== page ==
- by Dr Gowher Yusuf
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- Sep 29 2017
Urinary Tract Infections Higher in Uncircumcised vs Circumcised Boys
(Source: July 9 in the Canadian Medical Association Journal)
According to the current study by Dubrovsky and colleagues, uncircumcised boys are at higher risk for urinary tract infections than circumcised boys, most likely as a result of heavier colonization under the foreskin with pathogenic bacteria, which leads to ascending infections. However, whether all uncircumcised boys are at equal risk for infection, or whether the risk varies with the visibility of the urethral opening, is not known.
All uncircumcised boys have a higher risk for acquiring a urinary tract infection, regardless of the degree of urethral meatus visibility (phimosis), according to a recent prospective cross-sectional study in the Canadian Medical Association Journal.
Alexander Sasha Dubrovsky, MDCM, a physician in the Division of Pediatric Emergency Medicine at Montreal Children's Hospital, McGill University Health Centre, Quebec, Canada, and colleagues explain that urinary tract infections are much more common in uncircumcised boys than in circumcised boys, and that some believe that the visibility of the urethral meatus (phimosis) plays a role, with the highest risk being in boys whose meatus is partially visible or non-visible.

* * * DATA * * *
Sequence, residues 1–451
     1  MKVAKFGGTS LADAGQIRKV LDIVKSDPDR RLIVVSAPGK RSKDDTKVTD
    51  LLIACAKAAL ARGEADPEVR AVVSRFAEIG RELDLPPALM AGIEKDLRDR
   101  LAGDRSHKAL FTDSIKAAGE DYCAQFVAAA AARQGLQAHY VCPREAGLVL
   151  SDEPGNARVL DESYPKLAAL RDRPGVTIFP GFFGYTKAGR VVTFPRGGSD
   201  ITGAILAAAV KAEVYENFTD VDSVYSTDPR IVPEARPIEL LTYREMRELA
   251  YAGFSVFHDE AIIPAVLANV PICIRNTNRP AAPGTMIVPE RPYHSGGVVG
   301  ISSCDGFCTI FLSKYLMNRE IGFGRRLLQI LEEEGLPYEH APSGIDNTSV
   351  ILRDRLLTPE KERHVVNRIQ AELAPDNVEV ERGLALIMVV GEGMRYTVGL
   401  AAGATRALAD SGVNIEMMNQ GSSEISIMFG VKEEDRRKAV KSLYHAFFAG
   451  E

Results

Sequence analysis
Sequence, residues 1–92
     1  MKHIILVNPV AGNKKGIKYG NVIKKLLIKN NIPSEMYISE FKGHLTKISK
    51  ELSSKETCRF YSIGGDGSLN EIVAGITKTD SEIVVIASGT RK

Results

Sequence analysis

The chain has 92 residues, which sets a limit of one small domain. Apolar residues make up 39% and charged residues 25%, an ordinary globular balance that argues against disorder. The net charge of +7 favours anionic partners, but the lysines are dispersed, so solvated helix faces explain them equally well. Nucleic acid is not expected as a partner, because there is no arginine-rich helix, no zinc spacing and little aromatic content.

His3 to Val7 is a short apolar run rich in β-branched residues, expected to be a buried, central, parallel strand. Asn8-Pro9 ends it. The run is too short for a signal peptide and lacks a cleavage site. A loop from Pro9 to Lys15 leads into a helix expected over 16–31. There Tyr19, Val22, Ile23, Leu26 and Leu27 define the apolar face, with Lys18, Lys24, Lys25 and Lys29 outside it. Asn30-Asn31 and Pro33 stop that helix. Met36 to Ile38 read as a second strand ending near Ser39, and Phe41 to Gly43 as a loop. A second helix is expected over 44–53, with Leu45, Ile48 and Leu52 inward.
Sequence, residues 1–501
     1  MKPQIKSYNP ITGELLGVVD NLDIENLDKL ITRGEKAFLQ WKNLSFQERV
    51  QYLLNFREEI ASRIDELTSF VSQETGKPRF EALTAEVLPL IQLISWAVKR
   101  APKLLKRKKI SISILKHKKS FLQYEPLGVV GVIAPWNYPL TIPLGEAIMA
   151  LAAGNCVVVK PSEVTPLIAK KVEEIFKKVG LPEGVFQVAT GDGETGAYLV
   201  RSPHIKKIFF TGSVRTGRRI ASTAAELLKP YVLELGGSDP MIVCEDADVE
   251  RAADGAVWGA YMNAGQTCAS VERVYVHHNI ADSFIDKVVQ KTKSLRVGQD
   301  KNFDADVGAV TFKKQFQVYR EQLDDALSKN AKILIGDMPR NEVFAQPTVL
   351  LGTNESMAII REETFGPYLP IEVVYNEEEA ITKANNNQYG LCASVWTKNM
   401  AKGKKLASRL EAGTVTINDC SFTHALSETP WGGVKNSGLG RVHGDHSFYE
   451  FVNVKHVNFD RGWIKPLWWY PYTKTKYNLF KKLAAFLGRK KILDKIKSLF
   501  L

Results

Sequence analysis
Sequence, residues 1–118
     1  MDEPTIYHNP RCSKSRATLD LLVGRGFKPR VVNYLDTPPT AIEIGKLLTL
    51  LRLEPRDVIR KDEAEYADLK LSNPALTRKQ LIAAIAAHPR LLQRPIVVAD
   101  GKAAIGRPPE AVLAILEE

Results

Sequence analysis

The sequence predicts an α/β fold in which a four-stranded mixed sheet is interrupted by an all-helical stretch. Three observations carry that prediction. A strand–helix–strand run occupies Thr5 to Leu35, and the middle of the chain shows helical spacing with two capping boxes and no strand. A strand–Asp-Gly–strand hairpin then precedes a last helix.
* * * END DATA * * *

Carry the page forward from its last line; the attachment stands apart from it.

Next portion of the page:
"Although we cannot exclude the possibility that [boys with a completely visible meatus are] truly at higher risk (contrary to our hypothesis), this result should be interpreted with caution given the small number of participants in the completely visible group," the authors write. "Furthermore, no previous studies suggest such an association, nor is there an apparent physiologic mechanism to explain this finding."
All Uncircumcised Boys at Higher Risk: "Our results suggest that uncircumcised boys presenting with clinical symptoms or signs suggesting urinary tract infection are at equal risk for urinary tract infection irrespective of the visibility of the urethra. Clinicians should continue to use circumcision status alone, not the degree of phimosis, to decide which boys should undergo investigation for urinary tract infection," the authors conclude.
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